evicted from Farm Sandfontein; the respondents say the applicants left on their own volition. What is important for my present purposes is that I find it sufficiently established that the applicants vacated Farm Sandfontein in December 2004; but they contend that

8 although they left Farm Sandfontein in December 2004, they had always maintained “undisputed possession” of the bottle store.

[14]

Therefore, as I see it, I think the applicants base their claim for a spoliation order on

these central planks, which in their view constitute pieces of evidence that evince possession:

(1)

The 2nd applicant “at all material times hereto” conducted the business of the bar,

bottle store and a restaurant in the bottle store.

(2)

In December 2005 the 2nd respondent entered into a lease agreement with Uno

Hengari in respect of the bottle store. The period of the lease was from December 2005 to 31 August 2006.

(3)

Andreas Guim also entered into a lease agreement with the applicants in respect of

the bottle store. The period of the lease was for about six months in 2005 (Guim does not remember the exact dates).

(4)

The 1st applicant’s son, Alfons Tjizoo, remained in the bottle store to take care of it.

(5)

The last plank relates to the letters that were exchanged between the 3rd respondent

and the applicants’ legal practitioners.

[15]

I now proceed to examine the above-stated grounds on which the applicants stand

to claim the spoliation order. As I have stated previously in this judgment, in my opinion, the time at which an applicant claims he or she was unlawfully disposed of possession by

9 the respondent is crucial in spoliation proceedings. After all “[t]he mandament van spolie finds its immediate and only object in the reversal of the consequences of interference with an existing state of affairs otherwise than under authority of the law, so that the status quo ante is restored.” (Mbangi and Others, supra, at 336F) (Emphasis added). In other words, as in the present case, if upon the return day the applicant proves his previous possession and his dispossession by the respondent, the rule will be made absolute. (Classen, supra, p. S-90) (Emphasis added).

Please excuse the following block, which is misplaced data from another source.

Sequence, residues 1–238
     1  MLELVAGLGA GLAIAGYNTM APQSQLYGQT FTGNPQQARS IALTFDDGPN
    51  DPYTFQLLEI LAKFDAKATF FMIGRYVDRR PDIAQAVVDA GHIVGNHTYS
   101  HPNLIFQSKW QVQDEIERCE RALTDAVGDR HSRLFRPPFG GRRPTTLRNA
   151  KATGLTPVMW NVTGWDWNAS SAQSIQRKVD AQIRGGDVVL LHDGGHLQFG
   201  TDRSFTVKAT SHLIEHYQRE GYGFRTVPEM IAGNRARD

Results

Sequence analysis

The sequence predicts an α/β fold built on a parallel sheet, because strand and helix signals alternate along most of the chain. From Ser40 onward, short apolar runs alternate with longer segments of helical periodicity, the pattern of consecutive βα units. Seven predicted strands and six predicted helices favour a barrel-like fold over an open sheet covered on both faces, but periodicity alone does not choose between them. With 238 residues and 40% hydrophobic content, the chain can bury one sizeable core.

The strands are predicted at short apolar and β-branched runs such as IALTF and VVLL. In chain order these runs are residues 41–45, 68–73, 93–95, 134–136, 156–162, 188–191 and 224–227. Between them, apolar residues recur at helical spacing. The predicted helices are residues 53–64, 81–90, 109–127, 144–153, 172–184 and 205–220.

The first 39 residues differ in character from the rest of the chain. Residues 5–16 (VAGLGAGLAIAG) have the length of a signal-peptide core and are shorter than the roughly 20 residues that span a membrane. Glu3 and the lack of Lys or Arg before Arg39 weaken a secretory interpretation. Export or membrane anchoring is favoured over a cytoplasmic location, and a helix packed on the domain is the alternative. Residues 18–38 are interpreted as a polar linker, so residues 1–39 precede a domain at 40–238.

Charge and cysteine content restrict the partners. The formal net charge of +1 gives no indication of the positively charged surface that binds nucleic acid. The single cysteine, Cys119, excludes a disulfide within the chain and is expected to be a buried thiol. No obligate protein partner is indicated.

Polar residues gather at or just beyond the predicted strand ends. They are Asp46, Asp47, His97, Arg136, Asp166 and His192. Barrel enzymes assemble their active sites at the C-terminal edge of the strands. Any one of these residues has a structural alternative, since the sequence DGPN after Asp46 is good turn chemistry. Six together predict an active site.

[16]

It is my view that the use of such words as “previous possession”, “reversal of” and

“status quo ante” indicate strongly and indubitably that the applicant must satisfy the Court on a balance of probability that on such-and-such a date or time he or she was in peaceful and undisturbed possession, and that on such-and-such a date or time he or she was despoiled of possession by the respondent; otherwise, how is the Court able to determine judicially when peaceful and undisturbed possession ceased through the illicit deprivation of possession (spoliation) by the respondent, if, indeed, such is the case. In sum, in my opinion, the Court cannot reasonably order a restoration of the status quo through a spoliation order if it has not been shown to the satisfaction of the Court when the status quo ceased to exist through the alleged illicit deprivation of possession by the respondent.

[17]

In the present case, the applicants have failed to prove when they claim their

“previous possession” was dispossessed by the respondents. Mr. Coleman’s answer to my question on the point did not, with respect, take the matter any further; if as I understand him, he appeared to have said that there were a series of spoliation and counter-spoliation. As Mr. Hinda submitted – and correctly, in my opinion – there must be a date on which the alleged spoliation, upon which the applicants have approached this Court for relief, occurred; and, therefore, such a date is quite crucial in these proceedings. But, as I have